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post #15 of 19 Old 03-16-2010, 07:56 PM Thread Starter
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If you're trying to obtain a particular ph, kh, gh, in a tank for a certain fish species I would be tempted to do RO water and add the chemicals in the amounts directed to achieve the desired ph/kh/gh and fill the tank with and also to use for wc's. It works for sw tanks. The trick to having it be right all the time is to start with pure filtered RO water and add the same amount each time for a set water parameter to be achieved.
Honey pie uhm had you read my parameters from my tap water? I have R/O coming from my tap and that's exactly my problem here is having R/O when I need some more zest to it for the shrimp

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post #16 of 19 Old 03-17-2010, 03:40 AM
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Honey pie uhm had you read my parameters from my tap water? I have R/O coming from my tap and that's exactly my problem here is having R/O when I need some more zest to it for the shrimp
If you truly have R/O treated water from the tap,then perhaps a water spigot outside the house is not hooked up to this system , and might yield harder water?

The most important medication in your fish medicine cabinet is.. Clean water.
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post #17 of 19 Old 03-17-2010, 08:31 AM Thread Starter
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No LOL we have no hardness here; even tested the well water AND the pond's water the way the water here is filtered through all these layers of non-calcium rocks and then either brought up via well or pumped down from the city we ain't got no hardness unless someone will add something to our water here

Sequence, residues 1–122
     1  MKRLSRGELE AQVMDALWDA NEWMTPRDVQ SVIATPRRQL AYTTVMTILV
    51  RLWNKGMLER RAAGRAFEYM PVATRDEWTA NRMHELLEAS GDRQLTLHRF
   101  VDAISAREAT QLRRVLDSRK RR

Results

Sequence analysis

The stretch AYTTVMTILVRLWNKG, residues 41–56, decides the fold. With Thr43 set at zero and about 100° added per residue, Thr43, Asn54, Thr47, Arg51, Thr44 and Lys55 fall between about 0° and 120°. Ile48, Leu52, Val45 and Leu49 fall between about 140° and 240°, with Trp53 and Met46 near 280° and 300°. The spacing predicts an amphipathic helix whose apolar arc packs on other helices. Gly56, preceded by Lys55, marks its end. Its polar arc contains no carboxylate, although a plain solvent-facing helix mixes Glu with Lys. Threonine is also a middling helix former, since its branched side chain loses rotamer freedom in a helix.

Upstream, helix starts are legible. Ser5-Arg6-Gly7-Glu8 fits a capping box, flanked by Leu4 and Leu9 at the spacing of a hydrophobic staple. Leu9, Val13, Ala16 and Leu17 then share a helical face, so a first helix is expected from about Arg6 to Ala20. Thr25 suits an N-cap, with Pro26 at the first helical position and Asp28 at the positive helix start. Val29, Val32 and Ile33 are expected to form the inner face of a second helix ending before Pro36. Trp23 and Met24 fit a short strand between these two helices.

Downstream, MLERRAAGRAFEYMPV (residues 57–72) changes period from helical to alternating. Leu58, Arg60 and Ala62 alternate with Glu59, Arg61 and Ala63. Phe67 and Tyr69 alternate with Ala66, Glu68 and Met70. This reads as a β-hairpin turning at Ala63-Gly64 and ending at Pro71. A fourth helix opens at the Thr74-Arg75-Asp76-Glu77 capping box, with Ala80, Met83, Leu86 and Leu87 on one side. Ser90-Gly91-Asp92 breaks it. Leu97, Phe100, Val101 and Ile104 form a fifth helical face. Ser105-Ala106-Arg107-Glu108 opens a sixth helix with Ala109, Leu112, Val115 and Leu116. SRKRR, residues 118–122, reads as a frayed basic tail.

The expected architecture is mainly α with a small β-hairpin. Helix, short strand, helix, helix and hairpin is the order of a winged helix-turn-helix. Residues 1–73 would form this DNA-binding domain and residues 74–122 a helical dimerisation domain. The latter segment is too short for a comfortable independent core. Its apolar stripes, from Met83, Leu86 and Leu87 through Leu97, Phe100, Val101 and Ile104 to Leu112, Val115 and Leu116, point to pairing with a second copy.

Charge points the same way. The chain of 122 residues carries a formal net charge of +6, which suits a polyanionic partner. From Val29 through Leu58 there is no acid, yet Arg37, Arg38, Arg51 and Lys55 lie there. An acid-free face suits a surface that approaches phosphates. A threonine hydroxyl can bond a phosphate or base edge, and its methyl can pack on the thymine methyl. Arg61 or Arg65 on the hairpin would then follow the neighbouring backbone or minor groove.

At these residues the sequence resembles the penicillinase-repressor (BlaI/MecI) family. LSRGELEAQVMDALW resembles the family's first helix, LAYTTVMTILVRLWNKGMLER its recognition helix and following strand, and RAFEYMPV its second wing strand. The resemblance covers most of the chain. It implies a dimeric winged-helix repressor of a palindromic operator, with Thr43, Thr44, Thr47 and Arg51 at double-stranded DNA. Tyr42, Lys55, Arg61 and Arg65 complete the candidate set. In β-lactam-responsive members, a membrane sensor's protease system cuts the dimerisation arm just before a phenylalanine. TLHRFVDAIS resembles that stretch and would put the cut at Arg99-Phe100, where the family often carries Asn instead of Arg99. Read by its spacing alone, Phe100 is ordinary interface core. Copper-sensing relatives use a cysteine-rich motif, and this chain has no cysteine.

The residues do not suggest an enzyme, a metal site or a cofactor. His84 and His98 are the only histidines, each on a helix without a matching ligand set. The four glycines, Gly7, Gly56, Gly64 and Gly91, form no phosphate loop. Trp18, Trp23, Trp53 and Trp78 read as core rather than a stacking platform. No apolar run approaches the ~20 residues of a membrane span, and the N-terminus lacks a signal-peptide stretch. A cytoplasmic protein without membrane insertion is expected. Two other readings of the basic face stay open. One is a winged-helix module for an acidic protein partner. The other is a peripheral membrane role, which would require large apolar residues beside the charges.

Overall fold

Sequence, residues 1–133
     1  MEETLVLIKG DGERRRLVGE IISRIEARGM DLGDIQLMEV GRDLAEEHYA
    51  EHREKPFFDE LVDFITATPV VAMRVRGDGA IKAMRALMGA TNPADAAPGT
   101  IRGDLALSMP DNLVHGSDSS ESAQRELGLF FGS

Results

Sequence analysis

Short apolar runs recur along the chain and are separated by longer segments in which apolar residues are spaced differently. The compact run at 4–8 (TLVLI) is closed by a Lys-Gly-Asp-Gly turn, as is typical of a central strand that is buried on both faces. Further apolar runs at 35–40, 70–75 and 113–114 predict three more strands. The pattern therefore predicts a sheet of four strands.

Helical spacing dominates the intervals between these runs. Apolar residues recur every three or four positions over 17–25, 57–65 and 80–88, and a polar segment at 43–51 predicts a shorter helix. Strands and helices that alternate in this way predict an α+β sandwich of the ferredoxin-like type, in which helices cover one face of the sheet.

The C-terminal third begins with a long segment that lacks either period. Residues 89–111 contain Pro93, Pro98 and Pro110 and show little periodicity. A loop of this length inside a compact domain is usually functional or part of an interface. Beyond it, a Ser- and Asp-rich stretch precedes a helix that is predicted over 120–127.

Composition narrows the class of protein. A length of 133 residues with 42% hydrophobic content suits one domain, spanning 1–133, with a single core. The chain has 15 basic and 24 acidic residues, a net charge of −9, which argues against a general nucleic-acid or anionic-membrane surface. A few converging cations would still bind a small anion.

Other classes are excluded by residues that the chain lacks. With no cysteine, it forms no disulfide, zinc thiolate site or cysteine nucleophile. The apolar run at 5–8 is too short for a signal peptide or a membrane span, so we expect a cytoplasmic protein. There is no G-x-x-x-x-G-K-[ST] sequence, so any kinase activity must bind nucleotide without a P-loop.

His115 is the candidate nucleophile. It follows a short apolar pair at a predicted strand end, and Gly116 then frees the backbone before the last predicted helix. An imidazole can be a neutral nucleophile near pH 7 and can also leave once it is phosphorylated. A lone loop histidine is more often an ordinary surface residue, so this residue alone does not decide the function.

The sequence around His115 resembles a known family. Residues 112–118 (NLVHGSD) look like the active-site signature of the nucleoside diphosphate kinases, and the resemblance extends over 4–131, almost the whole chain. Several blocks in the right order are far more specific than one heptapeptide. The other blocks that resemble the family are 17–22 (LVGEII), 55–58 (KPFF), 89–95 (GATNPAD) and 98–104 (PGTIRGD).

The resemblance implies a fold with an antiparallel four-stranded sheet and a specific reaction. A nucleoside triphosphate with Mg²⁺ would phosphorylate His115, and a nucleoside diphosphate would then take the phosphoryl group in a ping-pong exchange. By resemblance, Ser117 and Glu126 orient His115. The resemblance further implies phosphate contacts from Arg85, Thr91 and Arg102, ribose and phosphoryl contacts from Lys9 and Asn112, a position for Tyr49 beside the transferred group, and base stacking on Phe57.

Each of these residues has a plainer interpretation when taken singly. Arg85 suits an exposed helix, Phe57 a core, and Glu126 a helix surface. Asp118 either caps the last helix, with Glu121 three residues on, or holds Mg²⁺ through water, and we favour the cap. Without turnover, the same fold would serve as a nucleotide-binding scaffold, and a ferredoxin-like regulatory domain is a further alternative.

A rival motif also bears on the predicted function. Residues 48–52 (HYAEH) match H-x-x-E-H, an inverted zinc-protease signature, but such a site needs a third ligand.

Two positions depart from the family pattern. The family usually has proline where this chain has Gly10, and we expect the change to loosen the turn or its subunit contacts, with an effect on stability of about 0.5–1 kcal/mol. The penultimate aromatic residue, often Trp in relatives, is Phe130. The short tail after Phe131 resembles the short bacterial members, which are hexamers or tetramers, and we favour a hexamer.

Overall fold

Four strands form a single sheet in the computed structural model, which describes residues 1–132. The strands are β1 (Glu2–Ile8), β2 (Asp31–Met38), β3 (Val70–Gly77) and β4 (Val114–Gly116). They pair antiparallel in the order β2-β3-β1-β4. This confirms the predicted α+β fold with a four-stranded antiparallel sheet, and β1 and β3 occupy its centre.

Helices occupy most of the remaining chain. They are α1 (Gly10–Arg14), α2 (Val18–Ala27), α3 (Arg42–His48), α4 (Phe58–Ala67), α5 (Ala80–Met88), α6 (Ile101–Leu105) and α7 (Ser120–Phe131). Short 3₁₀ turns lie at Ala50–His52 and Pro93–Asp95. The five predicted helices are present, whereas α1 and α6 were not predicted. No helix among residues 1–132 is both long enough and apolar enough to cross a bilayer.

Which I mean for Tetra tanks that's great - Shrimp not so much lol

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post #18 of 19 Old 03-17-2010, 08:42 AM
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No LOL we have no hardness here; even tested the well water AND the pond's water the way the water here is filtered through all these layers of non-calcium rocks and then either brought up via well or pumped down from the city we ain't got no hardness unless someone will add something to our water here
Which I mean for Tetra tanks that's great - Shrimp not so much lol

Then were it me, I would use dolomite as Byron suggested ,or crushed coral that I spoke of earlier in another thread. Both work gradually, and would last a long while before becoming exhausted. You could place it in a mesh bag and perhaps hide it with some plants or wood if placing it in a filter is not an option.

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post #19 of 19 Old 03-17-2010, 08:48 AM Thread Starter
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I know and I agree sounds awesome lol but I looked around the stores here in town yesterday and couldn't find any and its gonna be a while before I'll be in Nashville again and possibly find some there and I just can't have the shrimp sit in this water for months now; that's why I am testing the baking soda in a bucket right now....Gotta be creative when you live in the stix